2. Thus, to change — that is, to evolve — any body plan, mutations expressed early in development must occur, be viable, and be stably transmitted to offspring.
    3. But such early-acting mutations of global effect are those least likely to be tolerated by the embryo.
    Losses of structures are the only exception to this otherwise universal generalization about animal development and evolution. Many species will tolerate phenotypic losses if their local (environmental) circumstances are favorable. Hence island or cave fauna often lose (for instance) wings or eyes.
    http://www.saddleback.com/mc/m/7ece8/

    Understanding Ontogenetic Depth, Part II: Natural Selection Is a Harsh Mistress – Paul Nelson – April 7, 2011
    Excerpt: The problem may be summarized as follows:
    — There are striking differences in the early (embryonic) development in animals, even within classes and orders.
    — Assuming that these animals are descended from a common ancestor, these divergences suggest that early development evolves relatively easily.
    — Evolution by natural selection requires heritable variation.
    — But heritable variations in early development, in major features such as cleavage patterns, are not observed.
    http://www.evolutionnews.org/2.....45581.html

    Moreover, Gene Regulatory Networks are not reducible DNA sequences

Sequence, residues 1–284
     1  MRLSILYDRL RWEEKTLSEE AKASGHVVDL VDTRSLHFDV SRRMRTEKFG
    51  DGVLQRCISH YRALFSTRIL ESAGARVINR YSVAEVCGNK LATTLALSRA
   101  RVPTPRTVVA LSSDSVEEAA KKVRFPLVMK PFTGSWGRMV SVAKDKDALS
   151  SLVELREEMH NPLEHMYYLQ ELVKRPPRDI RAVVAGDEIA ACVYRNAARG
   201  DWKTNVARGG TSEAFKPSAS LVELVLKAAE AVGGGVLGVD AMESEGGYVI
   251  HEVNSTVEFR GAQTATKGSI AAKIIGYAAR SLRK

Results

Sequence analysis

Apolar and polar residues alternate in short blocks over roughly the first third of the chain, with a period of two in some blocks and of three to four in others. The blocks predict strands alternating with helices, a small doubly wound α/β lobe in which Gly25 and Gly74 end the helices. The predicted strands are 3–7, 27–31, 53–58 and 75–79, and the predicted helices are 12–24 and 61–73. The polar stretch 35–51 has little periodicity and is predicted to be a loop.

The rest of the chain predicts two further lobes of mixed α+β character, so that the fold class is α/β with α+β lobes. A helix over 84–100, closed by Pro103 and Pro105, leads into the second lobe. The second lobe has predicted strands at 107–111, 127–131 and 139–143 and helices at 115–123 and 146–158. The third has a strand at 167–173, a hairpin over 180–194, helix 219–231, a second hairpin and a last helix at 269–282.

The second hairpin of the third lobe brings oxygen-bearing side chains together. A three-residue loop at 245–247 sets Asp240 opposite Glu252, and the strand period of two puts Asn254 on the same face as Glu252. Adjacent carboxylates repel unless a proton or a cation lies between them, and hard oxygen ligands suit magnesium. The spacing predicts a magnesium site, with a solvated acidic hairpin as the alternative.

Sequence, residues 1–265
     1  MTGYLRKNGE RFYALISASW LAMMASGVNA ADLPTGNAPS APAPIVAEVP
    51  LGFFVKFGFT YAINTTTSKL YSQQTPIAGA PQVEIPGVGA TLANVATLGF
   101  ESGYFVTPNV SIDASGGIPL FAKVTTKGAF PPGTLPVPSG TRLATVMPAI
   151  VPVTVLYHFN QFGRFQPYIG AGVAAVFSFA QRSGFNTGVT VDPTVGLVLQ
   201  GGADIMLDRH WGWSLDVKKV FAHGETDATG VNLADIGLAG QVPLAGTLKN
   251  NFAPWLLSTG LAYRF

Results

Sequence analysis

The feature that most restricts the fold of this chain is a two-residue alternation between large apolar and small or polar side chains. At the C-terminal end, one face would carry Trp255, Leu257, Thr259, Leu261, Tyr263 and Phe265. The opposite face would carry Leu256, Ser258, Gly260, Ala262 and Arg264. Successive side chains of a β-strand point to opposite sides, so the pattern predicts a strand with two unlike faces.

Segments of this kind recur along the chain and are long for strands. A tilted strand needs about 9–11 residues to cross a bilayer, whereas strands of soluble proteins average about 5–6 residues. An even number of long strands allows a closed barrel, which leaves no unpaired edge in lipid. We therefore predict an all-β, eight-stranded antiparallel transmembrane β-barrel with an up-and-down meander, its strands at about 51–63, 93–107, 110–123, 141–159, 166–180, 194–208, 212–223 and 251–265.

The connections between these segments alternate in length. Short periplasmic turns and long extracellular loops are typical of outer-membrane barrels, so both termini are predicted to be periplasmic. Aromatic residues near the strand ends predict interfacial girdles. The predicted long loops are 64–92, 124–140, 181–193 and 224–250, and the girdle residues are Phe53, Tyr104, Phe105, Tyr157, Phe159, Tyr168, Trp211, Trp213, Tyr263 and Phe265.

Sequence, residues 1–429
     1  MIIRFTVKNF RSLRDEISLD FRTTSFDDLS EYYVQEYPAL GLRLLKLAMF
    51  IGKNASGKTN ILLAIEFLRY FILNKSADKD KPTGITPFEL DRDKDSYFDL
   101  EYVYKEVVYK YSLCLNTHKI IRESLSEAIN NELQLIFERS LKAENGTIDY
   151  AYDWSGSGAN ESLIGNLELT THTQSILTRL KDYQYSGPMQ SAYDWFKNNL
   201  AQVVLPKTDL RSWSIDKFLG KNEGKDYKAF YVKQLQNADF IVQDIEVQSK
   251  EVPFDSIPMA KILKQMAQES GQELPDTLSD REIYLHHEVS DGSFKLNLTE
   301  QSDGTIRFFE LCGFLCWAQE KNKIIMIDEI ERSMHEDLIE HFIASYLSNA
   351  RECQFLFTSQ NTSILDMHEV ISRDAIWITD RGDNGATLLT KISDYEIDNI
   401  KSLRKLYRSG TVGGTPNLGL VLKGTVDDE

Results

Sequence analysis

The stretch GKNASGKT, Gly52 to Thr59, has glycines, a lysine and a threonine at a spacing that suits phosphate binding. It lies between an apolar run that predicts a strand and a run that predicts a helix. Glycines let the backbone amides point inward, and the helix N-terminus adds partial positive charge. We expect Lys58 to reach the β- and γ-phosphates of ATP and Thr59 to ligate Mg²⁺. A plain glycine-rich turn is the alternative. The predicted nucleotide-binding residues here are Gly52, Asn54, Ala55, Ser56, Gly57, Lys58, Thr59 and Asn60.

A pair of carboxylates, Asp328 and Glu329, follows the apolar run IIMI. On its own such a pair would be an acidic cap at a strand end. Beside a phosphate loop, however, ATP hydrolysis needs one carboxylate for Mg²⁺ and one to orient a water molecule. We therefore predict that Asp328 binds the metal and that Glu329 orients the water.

Gene Regulatory Networks in Embryos Depend on Pre-existing Spatial Coordinates – Jonathan Wells – July 2011
    Excerpt: The development of metazoan embryos requires the precise spatial deployment of specific cellular functions. This deployment depends on gene regulatory networks (GRNs), which operate downstream of initial spatial inputs (E. H. Davidson, Nature 468 [2010]: 911). Those initial inputs depend, in turn, on pre-existing spatial coordinate systems. In Drosophila oocytes, for example, spatial localization of the earliest-acting elements of the maternal GRN (Gene Regulatory Network) depends on the prior establishment of an anteroposterior body axis by antecedent asymmetries in the ovary. Those asymmetries appear to depend on cytoskeletal and membrane patterns rather than on DNA sequences,,,
    http://www.discovery.org/scrip.....38;id=7751

    Moreover, Genetic Regulatory Networks between Chimps and Humans ‘differ by orders of magnitude’: